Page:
Diabetes Breakthrough: FDA-Approved Drugs Can Regenerate Insulin Production In Just 48 Hours

Diabetes Breakthrough: FDA-Approved Drugs Can Regenerate Insulin Production In Just 48 Hours

It has been revealed the fact that we have a breakthrough in diabetes treatment. Check out the latest reports about this below.

FDA-approved drugs have mind-blowing results

A new study has shown progress towards reducing the need for round-the-clock insulin injections to manage diabetes.

The researchers were able to regenerate insulin-producing cells in the pancreas by getting pancreatic ductal progenitor cells to develop and mimic the function of β-cells that are usually ineffective or missing in people with type 1 diabetes.

The study was conducted by a team at the Baker Heart and Diabetes Institute in Australia who investigated the use of drugs already approved by the FDA to target the EZH2 enzyme in human tissue.

The EZH2 enzyme controls cell development, providing an important biological check on growth. By using two small molecule inhibitors called GSK126 and Tazemetostat, which are already approved for use in cancer treatments, the researchers were able to remove some of the brakes imposed by EZH2, allowing the progenitor ductal cells to develop functions similar to those of β-cells.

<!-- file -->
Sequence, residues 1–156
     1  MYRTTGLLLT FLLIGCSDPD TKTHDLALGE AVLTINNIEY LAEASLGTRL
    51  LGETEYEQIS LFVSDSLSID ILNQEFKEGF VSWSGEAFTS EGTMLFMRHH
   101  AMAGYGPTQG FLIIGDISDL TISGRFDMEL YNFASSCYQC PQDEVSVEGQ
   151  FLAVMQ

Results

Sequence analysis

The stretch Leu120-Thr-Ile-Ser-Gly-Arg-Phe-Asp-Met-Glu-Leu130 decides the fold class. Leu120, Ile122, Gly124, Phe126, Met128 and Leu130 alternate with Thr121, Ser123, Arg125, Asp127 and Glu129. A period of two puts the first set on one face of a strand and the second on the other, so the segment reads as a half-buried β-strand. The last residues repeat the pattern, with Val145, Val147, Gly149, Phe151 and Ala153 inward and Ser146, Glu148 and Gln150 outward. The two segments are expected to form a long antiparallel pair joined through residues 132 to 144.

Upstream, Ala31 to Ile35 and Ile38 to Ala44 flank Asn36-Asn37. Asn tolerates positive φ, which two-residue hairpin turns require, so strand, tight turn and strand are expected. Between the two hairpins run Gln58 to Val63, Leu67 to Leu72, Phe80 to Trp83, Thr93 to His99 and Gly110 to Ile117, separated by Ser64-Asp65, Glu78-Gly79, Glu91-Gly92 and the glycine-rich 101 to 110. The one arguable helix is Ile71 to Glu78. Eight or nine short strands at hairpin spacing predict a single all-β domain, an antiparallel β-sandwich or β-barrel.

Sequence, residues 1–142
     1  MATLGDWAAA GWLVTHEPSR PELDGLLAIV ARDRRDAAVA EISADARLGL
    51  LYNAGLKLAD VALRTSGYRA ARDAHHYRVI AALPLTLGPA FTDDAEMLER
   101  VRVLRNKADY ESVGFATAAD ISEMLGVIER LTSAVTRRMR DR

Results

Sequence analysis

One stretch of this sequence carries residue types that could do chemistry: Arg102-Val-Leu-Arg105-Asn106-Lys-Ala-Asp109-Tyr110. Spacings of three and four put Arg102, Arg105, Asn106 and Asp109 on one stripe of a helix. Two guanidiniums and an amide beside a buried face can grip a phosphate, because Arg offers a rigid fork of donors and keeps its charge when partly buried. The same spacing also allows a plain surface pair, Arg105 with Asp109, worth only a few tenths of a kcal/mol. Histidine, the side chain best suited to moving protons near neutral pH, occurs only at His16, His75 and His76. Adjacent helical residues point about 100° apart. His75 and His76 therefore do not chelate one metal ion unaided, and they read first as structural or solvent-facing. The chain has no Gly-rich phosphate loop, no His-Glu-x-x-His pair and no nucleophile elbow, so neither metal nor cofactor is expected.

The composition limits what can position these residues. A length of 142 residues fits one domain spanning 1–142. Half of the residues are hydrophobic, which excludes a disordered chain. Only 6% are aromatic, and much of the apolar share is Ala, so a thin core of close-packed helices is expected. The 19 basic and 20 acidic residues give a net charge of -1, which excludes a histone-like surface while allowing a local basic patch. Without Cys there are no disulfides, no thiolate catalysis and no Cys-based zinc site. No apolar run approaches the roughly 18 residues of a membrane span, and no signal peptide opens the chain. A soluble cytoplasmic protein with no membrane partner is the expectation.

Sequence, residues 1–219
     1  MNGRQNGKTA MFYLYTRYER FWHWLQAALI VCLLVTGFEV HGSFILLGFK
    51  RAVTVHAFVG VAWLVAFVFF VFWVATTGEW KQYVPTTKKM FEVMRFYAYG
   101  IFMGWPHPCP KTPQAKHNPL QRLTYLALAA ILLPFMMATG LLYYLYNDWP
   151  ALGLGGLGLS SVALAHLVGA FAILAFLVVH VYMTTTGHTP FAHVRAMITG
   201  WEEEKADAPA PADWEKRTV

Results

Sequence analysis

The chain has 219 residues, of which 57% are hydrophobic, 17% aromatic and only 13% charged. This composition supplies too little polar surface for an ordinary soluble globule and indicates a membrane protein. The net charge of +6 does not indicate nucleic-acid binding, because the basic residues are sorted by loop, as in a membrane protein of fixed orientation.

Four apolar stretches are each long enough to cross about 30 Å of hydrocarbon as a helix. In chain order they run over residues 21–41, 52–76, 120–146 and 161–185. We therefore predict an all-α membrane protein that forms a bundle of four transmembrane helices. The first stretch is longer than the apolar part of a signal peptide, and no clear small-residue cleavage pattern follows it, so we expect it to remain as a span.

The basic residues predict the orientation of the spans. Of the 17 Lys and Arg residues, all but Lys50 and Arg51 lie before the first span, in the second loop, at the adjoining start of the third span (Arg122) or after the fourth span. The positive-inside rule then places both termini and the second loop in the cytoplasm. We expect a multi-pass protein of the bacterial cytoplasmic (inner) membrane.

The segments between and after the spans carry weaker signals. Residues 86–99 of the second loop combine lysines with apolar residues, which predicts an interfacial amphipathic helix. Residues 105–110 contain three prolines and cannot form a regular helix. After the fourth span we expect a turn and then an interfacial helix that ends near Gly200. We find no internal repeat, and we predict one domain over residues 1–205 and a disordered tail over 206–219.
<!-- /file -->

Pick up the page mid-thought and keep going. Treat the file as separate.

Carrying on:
“Targeting EZH2 is fundamental to β-cell regenerative potential,” write the researchers in their published paper.

“Reprogrammed pancreatic ductal cells exhibit insulin production and secretion in response to a physiological glucose challenge ex vivo.”

Previous research has suggested that cells responsible for the lining of the duct, which also help control stomach acidity, could be transformed into something similar to β-cells under the right conditions.

And now, we have a good understanding of how to achieve it.

The new cells are capable of sensing glucose levels and adjusting insulin production accordingly, just like β-cells.

This is crucial in type 1 diabetes, which is the main focus of the study, as the body’s immune system mistakenly destroys the original β-cells, which leads to the need for regular insulin injections to manage blood glucose levels.

The team carried out tests using tissue samples from three individuals, two of whom had type 1 diabetes at the ages of 7 and 61, and one aged 56 without diabetes.

The results showed the same reaction in all three generations, suggesting that the method can be effective across age groups. Another positive outcome is that regular insulin production was restored after just 48 hours of stimulation.

Check out more details about this in the original article. 

Rada Mateescu

Passionate about freedom, truth, humanity, and subjects from the science and health-related areas, Rada has been blogging for about ten years, and at Health Thoroughfare, she's covering the latest news on these niches.

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